Santa Clarita: It takes a village to house veterans properly
1st Lt. Renard Thomas to be first resident
When U.S. Army 1st Lt., Renard Thomas, 40, and his girlfriend April Benavidez, 35, arrived at the Heroes for Homes ribbon-cutting ceremony, they had no idea how their lives would be changed. Just moments before the celebration, his mortgage application had been approved and as a result he would be the first resident of the Habitat for Heroes Veteran Village.
“I’m really grateful for this opportunity and very excited. It’s an honor and a privilege,” said Lt. Thomas.
The California Department of Veterans Affairs (CalVet) in conjunction with Habitat for Humanity San Fernando/Santa Clarita Valley, The Gas Company, and the city of Santa Clarita collaborated to construct the country’s first veteran’s village. More than $21 million has been reserved for qualified veterans in the Santa Clarita and Sylmar areas.
“It’s the first project of its type in California, but we are hoping it won’t be the last,” said Peter J. Gravett, Maj. Gen. (Ret.) and secretary of the California Department of Veterans Affairs. “We expect to begin construction next February and complete this project 12 months later.”
According to CalVet, about 100 homes will be built through this public-private partnership. Only low-income veterans will qualify for these three- and four-bedroom homes.
In addition to the home, the veterans will receive a variety of life-skill managment services.
According to Donna Deutchman, CEO Habitat for Humanity, San Fernando and Santa Clarita Valleys: “We are the only Habitat in the nation to provide self-sufficiency skills in addition to providing the homes.”
Deutchman is referring to a mentoring program that stays in the community for two years. It teaches money-management skills, educational training, as well as urban community gardening, while providing health service referrals.
Additionally, to reduce the cost of building the homes, veterans are required to provide sweat equity.
Still, at the Center Pointe Property in Santa Clarita, Lt. Thomas, an Iraq war veteran, managed to contain his excitement during the ceremonial announcement. Not even the 106-degree could could cause the significance of the day to wilt.
“This is a great opportunity for veterans to re-establish themselves in the community,” said Benavidez. “I feel very blessed to be apart of it.”
Her boyfriend is the director of Veterans Programs at the College of the Canyons and has worked with Habitat For Humanity on its advisory committee. He learned about the Habitat for Heroes Veterans Village and submitted an application. The criteria included a thorough background check, home visit to assess needs, and a Megan’s Law check.
Eight veterans are under consideration. Veterans must apply to Habitat for Humanity, San Fernando/Santa Clarita Valley, or online at www.HabitatSCV.org.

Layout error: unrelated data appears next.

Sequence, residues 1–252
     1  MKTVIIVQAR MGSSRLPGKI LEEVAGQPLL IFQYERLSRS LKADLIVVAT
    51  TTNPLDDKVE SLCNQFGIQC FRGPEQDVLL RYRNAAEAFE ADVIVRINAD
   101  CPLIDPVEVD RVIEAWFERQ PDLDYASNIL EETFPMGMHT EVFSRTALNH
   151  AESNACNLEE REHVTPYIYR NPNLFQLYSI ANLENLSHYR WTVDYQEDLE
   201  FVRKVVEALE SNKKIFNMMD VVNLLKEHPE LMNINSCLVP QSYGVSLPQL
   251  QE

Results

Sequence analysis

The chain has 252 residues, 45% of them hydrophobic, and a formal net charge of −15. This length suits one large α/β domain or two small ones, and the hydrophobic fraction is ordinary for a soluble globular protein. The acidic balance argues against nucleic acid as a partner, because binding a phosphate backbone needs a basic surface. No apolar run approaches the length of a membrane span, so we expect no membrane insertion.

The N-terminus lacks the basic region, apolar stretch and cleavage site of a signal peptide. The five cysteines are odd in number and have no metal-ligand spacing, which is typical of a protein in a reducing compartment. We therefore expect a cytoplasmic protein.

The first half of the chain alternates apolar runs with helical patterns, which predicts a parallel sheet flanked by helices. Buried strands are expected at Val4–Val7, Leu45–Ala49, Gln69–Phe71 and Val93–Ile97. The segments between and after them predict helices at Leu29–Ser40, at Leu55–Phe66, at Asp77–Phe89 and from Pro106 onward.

The project has received particular recognition for meeting specific needs in the areas of affordable housing for veterans. The city of Santa Clarita donated the land for its veteran village.
“In the past, the nation has not done a good job assisting returning veterans from conflicts. “This is a new era, a new day,” said Gravett. “Today, America respects our veterans and honors their service and wants to do something for them.”
There are more than 2 million veterans in California and about 167,000 are women. The Santa Clarita Valley has more veterans—10,000 per capita—than any other California community.
A conversation is currently taking place [at the state government level] about how to help veterans reintegrate with work, school and their families, said Gravett. “Whenever you have government agencies, nonprofits, and corporate America pulling together, we can make anything happen. Therefore, it did not surprise me that this project would be a reality.”
The Asian Boyz bloody murder spree in 1995 and 1996 came to a conclusion this week when a Los Angeles Superior Court judge sentenced the final defendant to 218 years to life in state prison.
LOS ANGELES, Calif.—Los Angeles County’s transportation authority today expanded its effort to avoid complete gridlock on the Westside during the upcoming weekend closure of a section of the San Diego (405) Freeway.
The Metropolitan Transportation Authority announced that it will offer free fares on a total of 26 bus lines along major Westside and San Fernando arteries.
LOS ANGELES, Calif.—Record and near-record high temperatures are expected around Southern California today and tomorrow, with valley and inland areas forecast to top out in the 90s this afternoon.
High pressure and winds out of the northeast will bring nearly cloudless skies, sunshine and wind advisories for the San Fernando, Santa Clarita and Antelope valleys.